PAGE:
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Japanese Food & Dishes

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Nabe | Bagels | Japanese Knives | Restaurants in Japan | Food Book Reviews | Food Replicas | Ponshu | Sakenojin | Japanese Cooking Videos

Nabe shabu shabu, sukiyaki, chanko nabe

Nabe.

In Japanese, nabe simply means pot. nabe ryori (pot cooking) has become a generic term for meals cooked in a pot - vegetables, meat and noodles or rice cooked at the table in a communal pot.
The pot is filled with a broth or flavouring and then the ingredients are gradually added to cook. Everyone helps themselves from the pot in the middle of them.
Depending on the dish, iron or clay cooking pots may be used, but when one eats nabe at home, it tends to be from a clay pot.
These dishes are definitely a healthy, winter warmer and are known to originate from rural areas sometime around the 9th century.

by Caroline Klein


Bagels Bridging Cultures with Bagels

Bagels.

Bagels are starting to sprout up by the dozen in bread shops, coffee shops and train stations in Japan, even in the small city in the south where I live.
The taste is mostly light and soft; and although there are great-tasting breads, none that I tried had yet come close enough to compare with a New York Bagel.
Nor could I even imagine a cross-cultural comparison between these and the dense, chewy New York varieties that I practically grew up.
My meeting with a bagel from Hokkaido was the first time I had to even re-consider my stance.
The encounter took place on the eighth floor of our 'hometown' department store, Tokiwa. Every year they hold a week-long Hokkaido Festival where vendors of well-known products from the northern most island of Japan --- known for ramen and Sapporo beer --- come to our southern most island of Japan to sell their gastronomic wares.

by Joanne G. Yoshida



Japanese Knives The Knives of Sakai

Japanese Knives.

Those who cook for a living, often take pride in having the best kitchen knives. Until recently knives from Germany were held in that regard, but now chefs around the world are recognizing Japan as another contributor of top standard cutlery.
What makes Japanese knives outstanding are the qualities that result from a centuries old practice of craftsmanship. Traditionally made Japanese kitchen knives inherit techniques employed in making katana, the swords of the samurai, that were not only weapons upon which warriors' lives depended; they were symbols of honor and devotion to discipline. Japanese kitchen tools embody the identity and pride of the nation, and preserve a part of her cultural history, to get better acquainted with them, the place to go is the city of Sakai, just south of Osaka.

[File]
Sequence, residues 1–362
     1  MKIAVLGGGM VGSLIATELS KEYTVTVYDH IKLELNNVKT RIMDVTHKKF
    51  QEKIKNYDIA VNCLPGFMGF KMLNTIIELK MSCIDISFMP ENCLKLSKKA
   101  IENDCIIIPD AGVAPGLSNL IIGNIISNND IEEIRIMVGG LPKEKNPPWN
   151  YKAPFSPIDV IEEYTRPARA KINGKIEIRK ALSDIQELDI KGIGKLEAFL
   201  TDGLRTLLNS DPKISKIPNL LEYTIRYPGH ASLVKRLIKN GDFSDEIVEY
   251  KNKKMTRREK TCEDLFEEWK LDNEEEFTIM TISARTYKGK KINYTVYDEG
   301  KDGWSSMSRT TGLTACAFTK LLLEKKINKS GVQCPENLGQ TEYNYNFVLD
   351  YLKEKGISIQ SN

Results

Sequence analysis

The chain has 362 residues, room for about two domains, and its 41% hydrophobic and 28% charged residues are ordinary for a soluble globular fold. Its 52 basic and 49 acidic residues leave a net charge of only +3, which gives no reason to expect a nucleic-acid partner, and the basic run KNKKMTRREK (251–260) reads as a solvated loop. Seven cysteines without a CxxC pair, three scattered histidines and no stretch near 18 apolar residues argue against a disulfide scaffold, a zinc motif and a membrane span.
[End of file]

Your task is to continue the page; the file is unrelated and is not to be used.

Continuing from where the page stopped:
Alan Wiren


Umibudou Sea Grapes From Okinawa

Umibudo - sea grapes.

Umibudou literally translates as "Sea Grapes." It's a kind of seaweed but instead of leaves it has little bubbles growing on its stems. Thus the serving looks like small, green grapes. The bubbles break on your tongue and release a slightly salty taste of pure Southern Sea freshness. This breaking of little bubbles is called puchi-puchi in Japanese, an expression recreating the sound of the pop of a small air bubble. Not many foods provide that puchi-puchi sensation on the tongue - making the umibudou an especially exciting experience for many Japanese gourmets.

Johannes Schonherr


Restaurants in Japan Where To Eat In Japan.

Restaurants in Japan.

Choose from our selection of quality restaurants, cafes and bars on where to eat out in Japan's major towns and cities:
We have listings for Tokyo, Osaka, Kyoto, Nagoya, Kobe, Sapporo, Sendai, Niigata.
Our growing entertainment and dining recommendations include Japanese, Italian, Indian, Nepali, Turkish, Thai, Moroccan, Irish and Asian cuisine as well as tradcitional izakaya, yakitoriya, okonomiyakiya, plus sports bars, British, Irish and Aussie-style pubs, clubs and coffee houses.

To list your business, whether it is a restaurant, cafe or bar, on JapanVisitor.com at reasonable rates or for free:
Contact JV



Books On Japanese Food Japanese Food Books Reviews.

Books on Japanese food.

Read our reviews of the latest best-selling books on Japanese food and cuisine and eating out in Japan.